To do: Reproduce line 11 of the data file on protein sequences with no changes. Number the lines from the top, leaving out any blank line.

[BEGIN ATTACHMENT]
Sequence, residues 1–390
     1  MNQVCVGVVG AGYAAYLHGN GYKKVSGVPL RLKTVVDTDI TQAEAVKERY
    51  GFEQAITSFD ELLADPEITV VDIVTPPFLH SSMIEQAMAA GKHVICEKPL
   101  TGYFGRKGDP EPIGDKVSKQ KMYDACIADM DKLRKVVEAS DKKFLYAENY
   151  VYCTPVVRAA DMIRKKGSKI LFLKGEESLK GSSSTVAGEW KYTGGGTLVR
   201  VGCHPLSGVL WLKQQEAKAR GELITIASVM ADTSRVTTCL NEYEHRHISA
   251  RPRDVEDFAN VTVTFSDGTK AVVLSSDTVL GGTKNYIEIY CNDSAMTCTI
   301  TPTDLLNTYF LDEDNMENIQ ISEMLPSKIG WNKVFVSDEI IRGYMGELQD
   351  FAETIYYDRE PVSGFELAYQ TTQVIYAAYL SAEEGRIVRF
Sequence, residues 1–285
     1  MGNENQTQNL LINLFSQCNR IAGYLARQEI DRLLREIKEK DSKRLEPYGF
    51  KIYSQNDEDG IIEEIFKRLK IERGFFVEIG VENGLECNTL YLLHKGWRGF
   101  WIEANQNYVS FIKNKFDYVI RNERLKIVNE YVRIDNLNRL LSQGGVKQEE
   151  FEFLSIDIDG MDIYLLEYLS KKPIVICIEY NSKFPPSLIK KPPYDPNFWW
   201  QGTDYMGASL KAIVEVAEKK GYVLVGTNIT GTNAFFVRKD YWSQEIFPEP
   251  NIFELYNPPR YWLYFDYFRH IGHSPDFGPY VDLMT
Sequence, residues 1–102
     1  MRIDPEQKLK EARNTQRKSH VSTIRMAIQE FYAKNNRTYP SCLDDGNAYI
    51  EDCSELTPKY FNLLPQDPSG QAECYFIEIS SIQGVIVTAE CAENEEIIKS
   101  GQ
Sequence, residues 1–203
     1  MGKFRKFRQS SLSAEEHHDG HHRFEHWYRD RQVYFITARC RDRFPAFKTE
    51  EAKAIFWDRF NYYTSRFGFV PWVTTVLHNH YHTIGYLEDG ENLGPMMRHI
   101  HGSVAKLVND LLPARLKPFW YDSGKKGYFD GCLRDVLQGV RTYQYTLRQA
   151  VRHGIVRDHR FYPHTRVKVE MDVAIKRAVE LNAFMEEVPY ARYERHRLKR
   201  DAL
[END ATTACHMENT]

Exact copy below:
     1  MGNENQTQNL LINLFSQCNR IAGYLARQEI DRLLREIKEK DSKRLEPYGF